Tobacco smoking is a global public health problem, estimated to cause over 6 million deaths per year, including more than half a million non-smokers, dying of second-hand tobacco smoke. Smoking rates in South Africa have been declining over the last 20 years since the implementation of tobacco control measures, although the current prevalence of smoking is high (18.9%) with rates amongst males being five times higher than females. Similar to the rest of the world, smoking is also a leading cause of death in South Africa, with its risk factors exacerbated by tuberculosis, human immunodeficiency virus infection and non-communicable diseases. Tobacco control has major economic benefits for the health system, hence the importance of key policies combatting tobacco use as well as smoking cessation interventions. An overview of the pharmacological and non-pharmacological treatment interventions is provided, with a focus on the application of smoking cessation interventions in routine practice to ensure successful quitting.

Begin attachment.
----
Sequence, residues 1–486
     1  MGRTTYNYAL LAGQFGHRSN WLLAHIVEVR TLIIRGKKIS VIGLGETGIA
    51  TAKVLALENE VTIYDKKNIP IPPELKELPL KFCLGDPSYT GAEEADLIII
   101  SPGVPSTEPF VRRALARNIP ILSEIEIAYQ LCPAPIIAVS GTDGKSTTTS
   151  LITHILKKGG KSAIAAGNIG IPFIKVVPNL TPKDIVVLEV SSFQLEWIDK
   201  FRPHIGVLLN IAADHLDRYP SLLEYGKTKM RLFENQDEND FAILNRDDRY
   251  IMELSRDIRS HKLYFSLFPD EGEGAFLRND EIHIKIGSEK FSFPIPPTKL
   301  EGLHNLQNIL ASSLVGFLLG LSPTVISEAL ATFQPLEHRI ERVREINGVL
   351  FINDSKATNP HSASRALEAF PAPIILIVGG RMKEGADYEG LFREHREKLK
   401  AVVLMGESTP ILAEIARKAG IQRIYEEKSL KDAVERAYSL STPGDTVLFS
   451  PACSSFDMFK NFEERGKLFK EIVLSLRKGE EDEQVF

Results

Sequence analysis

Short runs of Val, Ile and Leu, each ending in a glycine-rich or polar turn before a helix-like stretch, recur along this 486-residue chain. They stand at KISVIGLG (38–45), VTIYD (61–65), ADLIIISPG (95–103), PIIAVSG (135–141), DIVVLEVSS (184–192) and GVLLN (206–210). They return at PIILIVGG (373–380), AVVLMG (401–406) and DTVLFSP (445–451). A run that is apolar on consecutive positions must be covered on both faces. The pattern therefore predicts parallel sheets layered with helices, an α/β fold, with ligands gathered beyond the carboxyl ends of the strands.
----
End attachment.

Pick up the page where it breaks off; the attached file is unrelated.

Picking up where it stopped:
|Number of pages||9|
|Journal||SA Pharmaceutical Journal|
|Publication status||Published - 2016|
- Nicotine replacement therapy
- Smoking cessation